The Korean Dream

I want to live in Korea.

That’s it; it’s decided. No more dithering.

Ever since the idea of living abroad implanted itself into my head, I’ve been toying with the idea of going to Korea. I decided on Vietnam initially, for reasons which you can find here. But I’ve changed my mind. It always was Soeul, and it’s going to be Seoul.

Because I’m a big K-pop and K-drama fan. I’m sure that sounds silly to you. What a superficial reason to want to move somewhere. But I’ve asked myself countless times if my desire to move there is genuine, and by now I’m pretty sure that it is.

Somewhere along the K-entertainment journey that I’ve been on, I’ve been seduced by the culture, the people and the language: it is so flawed. And in certain aspects so… weird is the only way I can put it. The dominance of the male, of the family, of appearances, and most of all of age. That eternal question – how old are you – to find out where I stand in relation to you, the answer setting the whole course of the relationship. The subtleties of the Korean language. The loudness in speech contrasted by gentleness of manners (I’m thinking of the younger female generation in particular). It’s fascinating.

I don’t expect my time there to be rosy. In fact, it was only a few days ago when I chatted with a school friend of mine who’s been living in Korea for many years. She warned against the deceptive nature of Koreans – how they’re selfish individuals out for their own good who will sweet-talk then abandon you the second they get what they want. How difficult it is to find genuine people who will stick with you through thick and thin. She says it’s much more difficult to find true friends there compared to in Thailand. I already struggle in Thailand – so finding good friends in Korea is going to be a real mission.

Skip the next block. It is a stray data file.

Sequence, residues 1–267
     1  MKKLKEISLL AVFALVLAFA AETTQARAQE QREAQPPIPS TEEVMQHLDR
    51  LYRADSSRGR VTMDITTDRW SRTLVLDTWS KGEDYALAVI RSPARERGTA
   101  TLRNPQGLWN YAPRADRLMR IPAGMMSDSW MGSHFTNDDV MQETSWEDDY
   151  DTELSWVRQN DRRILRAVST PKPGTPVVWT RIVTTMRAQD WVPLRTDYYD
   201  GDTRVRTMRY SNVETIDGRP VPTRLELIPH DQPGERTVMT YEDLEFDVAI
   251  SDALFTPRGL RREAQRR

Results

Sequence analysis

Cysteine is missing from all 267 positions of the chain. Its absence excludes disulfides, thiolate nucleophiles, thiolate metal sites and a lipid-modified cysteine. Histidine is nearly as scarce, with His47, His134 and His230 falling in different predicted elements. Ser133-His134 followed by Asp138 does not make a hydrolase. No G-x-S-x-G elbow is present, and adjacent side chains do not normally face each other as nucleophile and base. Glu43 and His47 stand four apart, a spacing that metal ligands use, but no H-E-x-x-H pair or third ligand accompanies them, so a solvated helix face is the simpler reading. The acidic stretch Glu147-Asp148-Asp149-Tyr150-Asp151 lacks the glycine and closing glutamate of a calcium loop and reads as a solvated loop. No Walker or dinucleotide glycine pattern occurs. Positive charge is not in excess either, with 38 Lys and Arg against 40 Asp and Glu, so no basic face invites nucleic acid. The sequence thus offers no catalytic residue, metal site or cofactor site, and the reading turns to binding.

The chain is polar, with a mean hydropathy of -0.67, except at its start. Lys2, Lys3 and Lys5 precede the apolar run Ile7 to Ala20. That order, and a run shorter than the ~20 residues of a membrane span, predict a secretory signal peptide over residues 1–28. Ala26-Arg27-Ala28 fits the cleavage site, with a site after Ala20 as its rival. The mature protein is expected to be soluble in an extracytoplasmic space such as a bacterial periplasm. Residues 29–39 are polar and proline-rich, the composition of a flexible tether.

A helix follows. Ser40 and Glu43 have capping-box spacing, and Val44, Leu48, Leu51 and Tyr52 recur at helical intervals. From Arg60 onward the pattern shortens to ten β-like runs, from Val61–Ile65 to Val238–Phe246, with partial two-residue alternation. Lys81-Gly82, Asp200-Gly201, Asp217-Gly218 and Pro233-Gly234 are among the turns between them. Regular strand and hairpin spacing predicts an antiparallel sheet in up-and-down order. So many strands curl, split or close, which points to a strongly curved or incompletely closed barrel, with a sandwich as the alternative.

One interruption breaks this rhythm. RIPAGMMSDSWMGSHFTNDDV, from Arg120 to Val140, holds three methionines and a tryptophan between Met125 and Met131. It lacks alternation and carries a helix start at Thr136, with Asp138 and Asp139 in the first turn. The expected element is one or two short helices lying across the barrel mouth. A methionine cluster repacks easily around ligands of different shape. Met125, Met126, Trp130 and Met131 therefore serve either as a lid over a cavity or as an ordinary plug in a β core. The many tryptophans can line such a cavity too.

But, as I told my friend yesterday, I still want to go. That irrational joy of hearing Korean being spoken and seeing Korean letters everywhere is overwhelming. It’s safe to say that my love for the language is a major reason why I want to live there. Everything else is secondary. I don’t know whether this is a good enough reason. But my connection with languages in general (I have a similar affinity with French which made my year in Paris especially memorable) is deep-rooted, and I’m hopeful that it will be enough to help me overcome the numerous obstacles that await.

So the plan is to study in Korea. I was thinking of a Masters in psychology initially, but I’m now leaning more towards an undergraduate degree. First because four years is longer than two years – I want as extended a stay in Korea as possible. Second because I had a look at the Masters programmes on offer and naturally they’re all “advanced” courses – I don’t have formal training in psychology and it seems precocious and arrogant to not start at the beginning. Third because, should I wish to pursue a career in psychology, having an undergraduate degree (and possibly a Masters at a later date) is a much more solid background than merely two years of a Masters combined with the broad social sciences and language undergraduate degree (specifically a BA in European Social and Political Studies) that I have.

I looked at the fees recently and they’re affordable. I’m looking at around 600k in Thai baht for four years of undergraduate education. That’s vastly cheaper than a degree in English that you could get in any other English-speaking country. Cost of living is another matter, but I’m confident I can earn enough from my subtitles work (which I intend to continue doing) and possibly part-time work (which luckily a student VISA allows you to have). In any case I’m used to managing on a tight budget, and I have a solid two years to save up. So money shouldn’t be an issue.

The biggest obstacle right now, ironically, is actually learning the language. Though it’s the main reason I want to live there, I seem to cannot muster the determination to start. I have the books, the multimedia, the means to practice – everything but the will to learn. As I type, I have a beginner’s book lying in my bag, waiting to be used. I’ve known how to read and write Korean for a while now from watching Korean television (music shows are a great help because you can match the audio to the lyrics shown on-screen) – the alphabet system is fairly uncomplicated. I also know some oft-used phrases from watching a copious amount of Korean dramas and variety shows. But I know mastering the structure of the language will be another matter. It’s going to be tough. I don’t doubt that I can do it, but right now the prospect of facing the work is daunting and I keep putting it off.

It’s nice to have decided at last. It’s exciting and scary. In a way, I feel that my journey has finally begun. I’ve looked over the precipice and seen what awaits. And it’s Korea.


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